This week I got back to making another episode of my "Confessions of an Office Supply Junkie" series, this being about handmade letter envelopes. Since I'm engaged in several pen-pal correspondences, I use envelopes and preprinted address labels every week. I got to thinking that if I could make my own envelopes I could preprint the addresses via laser printer and dispense with the cost of labels. I ended up with a novel design that is folded from a standard letter-size 8.5"-by-11" sheet of paper, uses only two small cuts and is taped shut for closure. It ended up being just a bit larger than the so-called "6-3/4" small letter envelope size. I did a cost comparison, using for prices the Staples brand of copier paper and premanufactured envelopes. The paper is about 1 cent per sheet, while a premade envelope is around 6 cents per. Of course, the cost of a few inches of adhesive tape also has to be factored in; but it is still less expensive for this homemade version, even though it looks a bit novel in design (the term "novel" being a more polite alternative to "weird").

Speaking of YouTube videos, while I'm nowhere near being a heavyweight in the YouTube arena, I was heartened to see the Samsung commercial at the beginning of last Sunday night's Academy Awards telecast, featuring YouTube star Casey Neistat, who played himself giving a mock awards presentation in a dark, rainy, empty parking lot (implying the huge gap between established Hollywood personalities and us small-time YouTubers). His short speech honored all of us unknowns who follow our dreams of creativity through video production; unlikely to be walking down any red carpets in designer clothes anytime soon. Of course, it was a Samsung advertisement about mobile phone tech, we must remind ourselves - ultimately for commercial purposes, but I felt heartened by it anyway.

I'll keep you informed of any further developments pertaining to the upcoming ABQ Type-In. Happy typing and envelope-making.

Post-Script: Here's my video on handmade letter envelopes:

Here's a link to the Samsung commercial about us YouTubers:

Here's the link to Nexus Brewery's website.

Final thought: The lead photo in this post has me posed in front of my video camera setup (Lumix GH3), adjacent to the Facit 1620 typewriter. Even though the focus of the shot was intentionally directed at the screen of the GH3, with the background left soft, you might be able to tell that the Facit is sitting propped up on some kind of wooden platform upon a folding tray table . This was a cobbled-together contraption to get the typewriter at a more ergonomic position while seated in my office chair, whose height I didn't want to keep adjusting between my main desk, which is higher, and the tray table, which is lower. The platform is very stable, and the newer typing position is much more conducive to extended typing. This post's first-draft was composed using the new setup onto the roll of teletype paper. I would have made it a typecast, but I didn't want to interrupt my stream-of-consciousness typing with correcting my numerous typos; and I'm too self-conscious to post that messy of a typed sheet.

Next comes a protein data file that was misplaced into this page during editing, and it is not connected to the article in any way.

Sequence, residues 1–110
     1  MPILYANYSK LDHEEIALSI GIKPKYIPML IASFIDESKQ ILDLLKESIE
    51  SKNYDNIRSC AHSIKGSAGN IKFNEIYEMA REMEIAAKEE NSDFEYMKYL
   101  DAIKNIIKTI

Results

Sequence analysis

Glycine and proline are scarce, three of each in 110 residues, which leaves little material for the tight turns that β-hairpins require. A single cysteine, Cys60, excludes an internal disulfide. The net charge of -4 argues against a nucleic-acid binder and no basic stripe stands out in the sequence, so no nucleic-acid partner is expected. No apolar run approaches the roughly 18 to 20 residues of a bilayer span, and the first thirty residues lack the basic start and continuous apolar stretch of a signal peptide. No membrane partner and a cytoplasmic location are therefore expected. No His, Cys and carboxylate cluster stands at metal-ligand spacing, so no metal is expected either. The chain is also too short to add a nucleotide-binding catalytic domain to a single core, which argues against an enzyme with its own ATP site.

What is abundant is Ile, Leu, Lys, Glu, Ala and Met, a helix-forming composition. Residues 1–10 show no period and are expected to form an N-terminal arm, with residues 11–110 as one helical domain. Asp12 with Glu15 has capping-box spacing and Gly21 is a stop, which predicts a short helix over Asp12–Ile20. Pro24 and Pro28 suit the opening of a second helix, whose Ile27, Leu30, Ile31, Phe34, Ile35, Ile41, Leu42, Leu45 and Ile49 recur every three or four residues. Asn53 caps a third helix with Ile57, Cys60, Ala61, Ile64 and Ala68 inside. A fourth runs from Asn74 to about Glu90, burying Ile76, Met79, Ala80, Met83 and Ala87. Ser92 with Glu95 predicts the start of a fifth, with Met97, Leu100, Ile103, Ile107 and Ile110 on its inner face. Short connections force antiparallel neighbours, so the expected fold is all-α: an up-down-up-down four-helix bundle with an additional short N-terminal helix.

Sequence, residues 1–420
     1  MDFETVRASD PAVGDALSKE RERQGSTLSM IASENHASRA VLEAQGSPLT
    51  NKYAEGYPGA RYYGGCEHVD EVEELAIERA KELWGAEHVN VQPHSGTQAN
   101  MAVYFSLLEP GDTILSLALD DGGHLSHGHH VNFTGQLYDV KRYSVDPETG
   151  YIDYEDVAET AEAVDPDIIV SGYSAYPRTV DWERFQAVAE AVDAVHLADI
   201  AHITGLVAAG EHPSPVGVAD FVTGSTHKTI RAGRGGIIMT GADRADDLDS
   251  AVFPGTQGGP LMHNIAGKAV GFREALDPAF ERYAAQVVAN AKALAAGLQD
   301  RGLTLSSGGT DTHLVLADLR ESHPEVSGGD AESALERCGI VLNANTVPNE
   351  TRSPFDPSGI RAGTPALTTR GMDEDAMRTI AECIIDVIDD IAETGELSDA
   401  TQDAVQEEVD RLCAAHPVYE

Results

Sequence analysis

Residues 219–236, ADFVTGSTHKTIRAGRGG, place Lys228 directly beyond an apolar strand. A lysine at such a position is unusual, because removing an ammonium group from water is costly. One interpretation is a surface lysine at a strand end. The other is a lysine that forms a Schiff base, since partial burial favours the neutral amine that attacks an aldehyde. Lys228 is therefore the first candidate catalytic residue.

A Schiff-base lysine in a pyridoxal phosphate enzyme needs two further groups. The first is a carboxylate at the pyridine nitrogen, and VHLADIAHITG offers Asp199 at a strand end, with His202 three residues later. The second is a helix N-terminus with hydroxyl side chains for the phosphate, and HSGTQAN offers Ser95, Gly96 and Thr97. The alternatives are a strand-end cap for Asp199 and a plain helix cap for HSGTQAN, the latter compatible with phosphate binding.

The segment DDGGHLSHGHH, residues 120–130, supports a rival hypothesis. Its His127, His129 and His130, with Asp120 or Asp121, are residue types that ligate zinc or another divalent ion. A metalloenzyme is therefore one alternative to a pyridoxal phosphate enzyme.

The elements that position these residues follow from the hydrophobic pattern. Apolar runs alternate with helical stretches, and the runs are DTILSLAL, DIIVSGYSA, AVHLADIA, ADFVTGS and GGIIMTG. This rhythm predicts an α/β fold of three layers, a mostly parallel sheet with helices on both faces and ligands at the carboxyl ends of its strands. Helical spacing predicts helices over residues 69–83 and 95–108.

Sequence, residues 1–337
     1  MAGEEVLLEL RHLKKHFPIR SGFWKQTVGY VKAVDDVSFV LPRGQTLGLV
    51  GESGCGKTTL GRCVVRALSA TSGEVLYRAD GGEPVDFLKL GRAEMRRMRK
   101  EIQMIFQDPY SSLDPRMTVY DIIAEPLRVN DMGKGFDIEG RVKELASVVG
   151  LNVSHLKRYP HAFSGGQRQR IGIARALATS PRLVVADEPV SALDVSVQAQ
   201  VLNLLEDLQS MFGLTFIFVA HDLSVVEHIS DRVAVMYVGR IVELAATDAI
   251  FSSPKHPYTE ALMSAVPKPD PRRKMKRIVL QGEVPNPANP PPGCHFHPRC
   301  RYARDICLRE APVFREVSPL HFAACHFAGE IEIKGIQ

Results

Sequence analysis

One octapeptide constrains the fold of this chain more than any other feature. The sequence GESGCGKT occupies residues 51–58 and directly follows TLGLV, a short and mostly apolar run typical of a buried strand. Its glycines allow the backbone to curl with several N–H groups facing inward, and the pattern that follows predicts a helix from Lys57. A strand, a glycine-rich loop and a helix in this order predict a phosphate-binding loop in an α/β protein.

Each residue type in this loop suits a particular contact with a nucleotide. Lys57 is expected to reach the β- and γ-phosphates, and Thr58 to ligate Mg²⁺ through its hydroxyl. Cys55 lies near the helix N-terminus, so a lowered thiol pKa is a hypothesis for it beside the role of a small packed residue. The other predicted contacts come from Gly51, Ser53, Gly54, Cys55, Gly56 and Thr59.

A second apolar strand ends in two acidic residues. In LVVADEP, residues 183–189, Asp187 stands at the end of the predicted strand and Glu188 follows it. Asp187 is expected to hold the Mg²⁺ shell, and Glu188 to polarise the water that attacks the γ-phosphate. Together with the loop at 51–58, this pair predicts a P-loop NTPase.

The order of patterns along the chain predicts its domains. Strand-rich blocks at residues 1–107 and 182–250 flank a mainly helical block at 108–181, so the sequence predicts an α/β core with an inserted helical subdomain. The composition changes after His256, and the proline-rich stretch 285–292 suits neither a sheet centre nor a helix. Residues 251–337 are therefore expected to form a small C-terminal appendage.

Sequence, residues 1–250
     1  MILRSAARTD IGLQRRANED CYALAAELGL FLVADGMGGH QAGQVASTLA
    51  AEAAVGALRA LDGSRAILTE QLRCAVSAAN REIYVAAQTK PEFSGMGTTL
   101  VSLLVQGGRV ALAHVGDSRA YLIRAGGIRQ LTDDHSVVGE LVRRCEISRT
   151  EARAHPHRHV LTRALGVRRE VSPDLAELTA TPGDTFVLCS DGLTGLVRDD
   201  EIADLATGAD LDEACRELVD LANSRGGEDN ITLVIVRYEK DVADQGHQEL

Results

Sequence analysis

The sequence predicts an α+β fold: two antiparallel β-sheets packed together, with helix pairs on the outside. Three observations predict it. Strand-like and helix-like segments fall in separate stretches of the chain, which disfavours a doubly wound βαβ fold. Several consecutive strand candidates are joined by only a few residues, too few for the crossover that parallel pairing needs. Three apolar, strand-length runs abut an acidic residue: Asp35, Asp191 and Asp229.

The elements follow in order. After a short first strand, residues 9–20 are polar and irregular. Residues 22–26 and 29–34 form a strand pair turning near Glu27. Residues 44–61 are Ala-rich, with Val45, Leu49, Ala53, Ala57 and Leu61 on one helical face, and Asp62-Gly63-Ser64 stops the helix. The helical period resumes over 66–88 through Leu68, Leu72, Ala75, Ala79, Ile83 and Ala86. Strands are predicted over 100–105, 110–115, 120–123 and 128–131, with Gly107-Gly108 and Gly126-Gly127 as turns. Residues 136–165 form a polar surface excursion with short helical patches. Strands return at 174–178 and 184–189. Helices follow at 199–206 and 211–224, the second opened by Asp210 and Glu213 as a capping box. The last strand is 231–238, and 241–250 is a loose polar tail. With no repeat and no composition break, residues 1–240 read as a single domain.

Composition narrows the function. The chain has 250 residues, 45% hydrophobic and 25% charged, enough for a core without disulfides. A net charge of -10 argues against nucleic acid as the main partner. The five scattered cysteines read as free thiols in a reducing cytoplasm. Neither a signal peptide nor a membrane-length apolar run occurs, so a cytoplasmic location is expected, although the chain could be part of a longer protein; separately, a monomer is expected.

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Monday, February 20, 2017

Firmness of Intent

To Be Filed

Post-Script: Perhaps I'm wasting opportunity by writing random nonsense while test-typing, instead of something more worthwhile like memorizing and typing the Gettysburg Address, or one of the Articles of Confederation, or a bible verse. But I see it as an opportunity to test my creative mettle while engaged in typewriter maintenance, a kind of right-brain/left-brain mashup. And I've come up with some funny stuff, some of which isn't appropriate for mixed company.

One thing I enjoy about building up a backlog of papers waiting to be filed is the pleasure that comes from reading back through those pieces and rediscovering them anew. I'm going to make a point of revisiting my old writings more often, for inspiration if for no other reason.

Today I spent some time organizing my typewriter collection, in preparation for an interview to be conducted tomorrow. I won't say anything else about it for now, but will update you when appropriate. I attached tags to all of my typewriter cases, so they can be more easily identified; some of those mid-20th century, medium-sized portable look very similar in their cases.

Typecast via Brother Charger 11. Yes, it's a stripped-down student's model, lacking tabs, touch adjustment or a repeat spacer. But it is solidly made and types fine; and is very portable, a pleasure to take out to the front patio on a cool winter day.

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Tuesday, February 14, 2017




Post-Script: See Typewriter Video Series Episode 56 for more on using the manual typewriter as a mechanical drafting machine.

Here's the line maze I drew today, using the Facit 1620 and Bic Cristal blue medium point pen:

As is the case with all of my so-called "line mazes," you follow the line itself, rather than the space between the lines. Conventional mazes use the space between lines as the passageway, with the lines to either side representing the walls of the maze. My line mazes are more like 3D routing diagrams. The lines cross over one another and don't make a turn until you get to an elbow (or corner); lines only connect to one another at a "node." There's only one node in this maze, the bold dot where four lines converge.

You might notice that I had to hand-draw the node dot; I tried typing an asterisk for the node, but the alignment between the typed characters and the pen holes in the paper guide of my Facit 1620 are not exact.